In the new musical Chaplin, the scenes of Charlie Chaplin’s early film work with director Mack Sennett and actress Mabel Normand no doubt remind some musical theater aficionados of another show—Jerry Herman’s legendary 1974 flop about those two Hollywood pioneers, Mack and Mabel. And thanks to the divine intervention of the musical theater gods, Sara Edwards just happened to be working with Mack’s Mabel, Bernadette Peters, when Edwards learned she would be playing Mabel in Chaplin on Broadway.
Edwards was in the Follies revival headlined by Peters that originated at the Kennedy Center in Washington, D.C., in the spring of 2011, opened on Broadway that fall and later had a limited run in Los Angeles. So she had Peters close at hand for consultation as she prepared to play Mabel in a workshop and eventually the Broadway production of Chaplin.
“I couldn’t believe I had Bernadette Peters to ask, ‘What kind of dirt can you tell me about Mabel Normand?’” says Edwards, who was also in the earlier version of Chaplin titled Limelight at southern California’s La Jolla Playhouse in 2010.
“Most people don’t know who Mabel Normand is,” Edwards says of the silent-film star, “so I usually just [call my role] ‘the girl on the bench’”—a reference to the movie scene that she and Rob McClure (as Chaplin) recreate in Chaplin. Edwards’ other parts in Chaplin include a woman on the streets of London who blows young Charlie a kiss in the opening number and a starlet in the Act 2 opener. She is also dance captain for the show.
Edwards was dance captain of Follies as well, but she was a swing in that show, which meant she could watch the performance some of the time. Now she has to keep an eye on what everyone’s doing on stage while she’s on stage performing every night. Edwards worked closely with Warren Carlyle as he created the choreography for both Chaplin and Follies. During the La Jolla run of Chaplin, she helped out Carlyle (also the show’s director) as he staged such sequences as the Chaplin look-alike contest and the goings-on at Sennett Studios. For Follies she was the assistant choreographer. “One of my favorite memories—I wish I’d had a camera—was teaching tap steps to Bernadette Peters, Elaine Paige, Jan Maxwell, Terri White, Flo Lacey, Susan Watson, these fabulous women that I have seen for years and years on stage. I also thought it was amazing that Warren was able to hand over the reins to me, allowing me to teach his show and assuming I was going to do it correctly, and with all the emotional backing to all the storytelling.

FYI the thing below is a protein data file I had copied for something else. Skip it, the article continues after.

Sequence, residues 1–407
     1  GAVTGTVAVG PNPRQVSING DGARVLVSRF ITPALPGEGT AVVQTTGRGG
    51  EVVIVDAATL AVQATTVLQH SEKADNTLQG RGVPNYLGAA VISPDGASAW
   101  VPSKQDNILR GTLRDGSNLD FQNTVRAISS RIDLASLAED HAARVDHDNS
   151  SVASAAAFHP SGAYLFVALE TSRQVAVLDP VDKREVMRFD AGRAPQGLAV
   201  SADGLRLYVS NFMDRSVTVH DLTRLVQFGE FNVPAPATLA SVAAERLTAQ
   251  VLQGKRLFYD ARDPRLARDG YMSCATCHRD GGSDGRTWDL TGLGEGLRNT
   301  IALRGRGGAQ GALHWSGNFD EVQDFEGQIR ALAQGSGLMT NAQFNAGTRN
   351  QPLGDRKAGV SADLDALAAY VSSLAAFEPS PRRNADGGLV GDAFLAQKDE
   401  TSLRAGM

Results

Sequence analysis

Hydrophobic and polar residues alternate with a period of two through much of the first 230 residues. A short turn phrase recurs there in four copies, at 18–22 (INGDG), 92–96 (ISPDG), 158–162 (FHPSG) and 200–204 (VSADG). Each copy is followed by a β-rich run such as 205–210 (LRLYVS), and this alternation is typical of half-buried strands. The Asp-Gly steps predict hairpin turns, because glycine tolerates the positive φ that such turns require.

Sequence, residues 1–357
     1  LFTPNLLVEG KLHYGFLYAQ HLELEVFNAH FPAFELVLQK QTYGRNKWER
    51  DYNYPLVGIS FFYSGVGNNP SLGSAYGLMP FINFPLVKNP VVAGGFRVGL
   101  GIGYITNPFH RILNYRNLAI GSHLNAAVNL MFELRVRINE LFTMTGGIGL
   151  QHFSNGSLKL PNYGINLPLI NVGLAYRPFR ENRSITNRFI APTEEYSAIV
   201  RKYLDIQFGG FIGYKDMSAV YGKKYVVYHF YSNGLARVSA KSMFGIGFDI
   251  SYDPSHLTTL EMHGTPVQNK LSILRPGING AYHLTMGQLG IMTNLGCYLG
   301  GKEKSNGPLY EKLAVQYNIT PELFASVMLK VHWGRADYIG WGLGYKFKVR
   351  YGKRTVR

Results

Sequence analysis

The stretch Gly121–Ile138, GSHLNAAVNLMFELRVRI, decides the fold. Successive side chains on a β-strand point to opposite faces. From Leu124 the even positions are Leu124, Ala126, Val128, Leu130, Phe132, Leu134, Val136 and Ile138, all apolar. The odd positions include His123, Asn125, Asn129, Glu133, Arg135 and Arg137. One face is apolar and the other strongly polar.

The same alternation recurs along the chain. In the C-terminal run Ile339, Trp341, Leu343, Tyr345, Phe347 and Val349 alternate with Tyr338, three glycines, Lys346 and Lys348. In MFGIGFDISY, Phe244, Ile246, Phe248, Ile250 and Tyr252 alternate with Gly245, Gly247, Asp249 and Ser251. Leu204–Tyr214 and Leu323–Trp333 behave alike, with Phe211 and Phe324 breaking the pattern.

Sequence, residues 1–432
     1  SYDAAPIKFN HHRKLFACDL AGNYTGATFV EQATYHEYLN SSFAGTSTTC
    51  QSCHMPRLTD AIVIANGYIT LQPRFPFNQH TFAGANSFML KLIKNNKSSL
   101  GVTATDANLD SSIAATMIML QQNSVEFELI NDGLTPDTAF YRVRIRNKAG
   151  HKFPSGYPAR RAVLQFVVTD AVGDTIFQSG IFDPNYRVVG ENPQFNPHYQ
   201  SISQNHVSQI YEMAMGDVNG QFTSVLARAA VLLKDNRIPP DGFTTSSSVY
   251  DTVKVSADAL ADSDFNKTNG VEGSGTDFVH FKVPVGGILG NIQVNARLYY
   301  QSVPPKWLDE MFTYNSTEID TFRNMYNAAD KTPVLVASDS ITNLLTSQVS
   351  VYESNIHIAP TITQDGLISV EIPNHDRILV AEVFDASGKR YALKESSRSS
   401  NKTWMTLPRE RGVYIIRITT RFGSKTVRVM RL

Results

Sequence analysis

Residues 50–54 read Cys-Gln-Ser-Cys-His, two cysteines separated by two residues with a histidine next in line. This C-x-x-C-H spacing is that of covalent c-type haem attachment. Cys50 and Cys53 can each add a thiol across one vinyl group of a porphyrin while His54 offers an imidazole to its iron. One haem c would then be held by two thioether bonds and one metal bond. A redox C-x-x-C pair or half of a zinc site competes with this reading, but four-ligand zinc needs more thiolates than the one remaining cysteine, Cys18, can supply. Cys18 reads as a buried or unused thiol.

“Helping to create Follies and Chaplin was an incredibly inspiring experience,” Edwards adds. “Warren was so engrossed in the script, reading it over and over again to get the story right, and listening to the music over and over again. I had never been in the room with someone who during creation was so free and open to saying yes…to saying yes to my ideas. He’s really good at taking different ideas and honing them into a through line of storytelling with his choreography—it’s a beautiful thing.”
A freak accident almost kept Edwards from working with Carlyle. At her first audition for Limelight—to which she wore purple shoes—she sprained her ankle (“more severely than I’ve ever injured any other body part”) while doing a triple turn into a fouetté turn. When she didn’t hear from the Limelight team for three months, she figured they’d eliminated her because of the injury. Then, three months later, she was called back. “I actually had time to heal my ankle before having to go back in,” she says. At the callback, Carlyle greeted her with “Hey, Purple Shoes, how’s your ankle?” She replied, “I don’t know what you’re talking about. My ankle’s fine.” He still occasionally calls her Purple Shoes.